By Steve Kelman

Blog archive

The Lectern: Grocery shopping and clues about the economy

Entering Trader Joe's is like coming into a boomer zone -- sixties music wafting through the aisles, shelves brimming with boomer products ranging from stuffed grape leaves to Japanese mochi ice cream through Dutch aged gouda with the beautiful brown color. Tonight I was trying to buy food for a dinner for my international students on Sunday, and I couldn't find Japanese seaweed crackers, so asked one of the always-helpful salespeople. He explained that they no longer stocked this item, and then added: "You know, two of the company's suppliers have gone bankrupt in the past week, so we won't be having the items they made until we can find a new supplier."


Two (probably) small businesses bankrupt in one week -- not a good sign.


Afterwards, I went to one of our local supermarkets, Roche Brothers. They appear to have eliminated a service they have provided since we moved into this area: having an employee take your shopping cart to your car and load it. I noticed they didn't do this when I went to the store last week, but thought maybe this was because I had bought from the express line. To be honest, this feature (which their competitor Stop & Shop never had) always struck a bit against my New England sense of simplicity -- but it's interesting that it's been eliminated now.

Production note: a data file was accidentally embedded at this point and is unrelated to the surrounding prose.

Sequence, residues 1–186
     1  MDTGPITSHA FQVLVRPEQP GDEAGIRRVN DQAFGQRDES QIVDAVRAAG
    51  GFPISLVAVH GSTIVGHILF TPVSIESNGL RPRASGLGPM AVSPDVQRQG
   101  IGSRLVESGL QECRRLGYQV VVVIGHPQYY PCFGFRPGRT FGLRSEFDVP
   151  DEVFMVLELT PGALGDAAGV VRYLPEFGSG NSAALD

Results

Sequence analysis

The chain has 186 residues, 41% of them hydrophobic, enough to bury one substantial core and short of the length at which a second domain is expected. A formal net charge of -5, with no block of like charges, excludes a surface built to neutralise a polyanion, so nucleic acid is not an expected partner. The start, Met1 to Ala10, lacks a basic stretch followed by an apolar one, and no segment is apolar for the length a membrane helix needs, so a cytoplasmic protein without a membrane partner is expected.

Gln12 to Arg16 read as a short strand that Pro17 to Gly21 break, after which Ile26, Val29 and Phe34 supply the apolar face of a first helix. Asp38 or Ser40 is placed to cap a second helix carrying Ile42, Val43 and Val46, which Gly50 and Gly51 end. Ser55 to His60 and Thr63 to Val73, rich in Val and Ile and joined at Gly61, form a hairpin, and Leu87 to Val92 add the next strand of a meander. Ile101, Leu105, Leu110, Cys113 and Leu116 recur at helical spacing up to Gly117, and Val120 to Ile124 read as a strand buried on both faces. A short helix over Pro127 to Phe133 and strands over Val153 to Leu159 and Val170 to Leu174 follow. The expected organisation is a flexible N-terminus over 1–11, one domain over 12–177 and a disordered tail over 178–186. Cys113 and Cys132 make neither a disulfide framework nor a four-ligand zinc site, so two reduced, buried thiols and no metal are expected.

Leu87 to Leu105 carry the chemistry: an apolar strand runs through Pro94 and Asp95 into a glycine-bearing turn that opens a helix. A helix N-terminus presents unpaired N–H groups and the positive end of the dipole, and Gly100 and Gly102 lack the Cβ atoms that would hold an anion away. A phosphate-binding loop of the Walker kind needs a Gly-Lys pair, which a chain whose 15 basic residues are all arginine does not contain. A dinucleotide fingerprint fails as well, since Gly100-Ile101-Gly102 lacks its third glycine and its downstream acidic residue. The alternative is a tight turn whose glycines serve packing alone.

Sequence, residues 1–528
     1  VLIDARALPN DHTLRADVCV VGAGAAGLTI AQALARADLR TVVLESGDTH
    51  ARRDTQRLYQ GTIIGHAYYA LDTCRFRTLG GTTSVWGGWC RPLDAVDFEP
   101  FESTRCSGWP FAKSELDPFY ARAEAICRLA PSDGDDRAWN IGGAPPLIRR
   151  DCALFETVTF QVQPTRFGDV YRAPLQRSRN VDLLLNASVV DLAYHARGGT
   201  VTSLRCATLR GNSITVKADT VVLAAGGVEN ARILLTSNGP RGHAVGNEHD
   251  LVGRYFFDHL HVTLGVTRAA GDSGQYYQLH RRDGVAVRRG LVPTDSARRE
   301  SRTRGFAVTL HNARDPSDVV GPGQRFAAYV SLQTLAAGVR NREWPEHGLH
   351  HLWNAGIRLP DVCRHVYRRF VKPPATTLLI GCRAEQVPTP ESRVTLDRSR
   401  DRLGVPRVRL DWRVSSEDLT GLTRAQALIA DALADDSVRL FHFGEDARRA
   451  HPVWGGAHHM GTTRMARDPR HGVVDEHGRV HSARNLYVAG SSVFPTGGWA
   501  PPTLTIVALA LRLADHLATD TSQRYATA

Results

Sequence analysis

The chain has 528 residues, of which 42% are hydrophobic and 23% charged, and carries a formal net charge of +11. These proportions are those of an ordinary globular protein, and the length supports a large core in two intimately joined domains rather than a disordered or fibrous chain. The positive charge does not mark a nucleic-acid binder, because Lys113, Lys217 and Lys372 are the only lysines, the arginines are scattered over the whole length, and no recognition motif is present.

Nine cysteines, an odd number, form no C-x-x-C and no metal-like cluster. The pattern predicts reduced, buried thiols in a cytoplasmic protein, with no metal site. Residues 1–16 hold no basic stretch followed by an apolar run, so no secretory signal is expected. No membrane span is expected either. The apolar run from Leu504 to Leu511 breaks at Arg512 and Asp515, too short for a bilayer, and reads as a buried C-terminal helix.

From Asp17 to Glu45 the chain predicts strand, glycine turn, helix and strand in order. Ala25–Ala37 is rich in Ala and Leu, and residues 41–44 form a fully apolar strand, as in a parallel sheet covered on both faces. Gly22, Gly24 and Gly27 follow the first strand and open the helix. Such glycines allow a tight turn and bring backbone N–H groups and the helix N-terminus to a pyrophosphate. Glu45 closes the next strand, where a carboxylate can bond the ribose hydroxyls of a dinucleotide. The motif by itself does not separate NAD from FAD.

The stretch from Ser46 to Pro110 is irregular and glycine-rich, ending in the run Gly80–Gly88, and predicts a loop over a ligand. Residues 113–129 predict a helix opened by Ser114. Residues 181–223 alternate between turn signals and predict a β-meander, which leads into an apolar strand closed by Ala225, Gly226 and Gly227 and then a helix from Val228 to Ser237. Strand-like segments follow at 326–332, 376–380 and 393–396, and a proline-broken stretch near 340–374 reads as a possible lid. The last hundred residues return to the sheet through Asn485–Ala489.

(BTW, for procurement folks among my readers, and hence fellow bargain-hunters, coupon-shoppers, etc: Trader Joe's is still, in my opinion, a great store, but for the past year or so, the prices have not  been nearly as low as they used to be. I was looking for chocolate chips there tonight, and noted that their price is now no better than the price for the store brand at Roche Brothers, and actually more expensive than the store brand at Stop & Shop -- and pricier than Nestle's Toll House on sale with a coupon.)


On the other hand: my wife asked me to fill up the car with gas, because she had seen the low price of $2.95 a gallon yesterday at a station near where I was shopping. When I went in one day later to fill up, the price had gone down to $2.89.

Posted by Steve Kelman on Oct 17, 2008 at 12:10 PM


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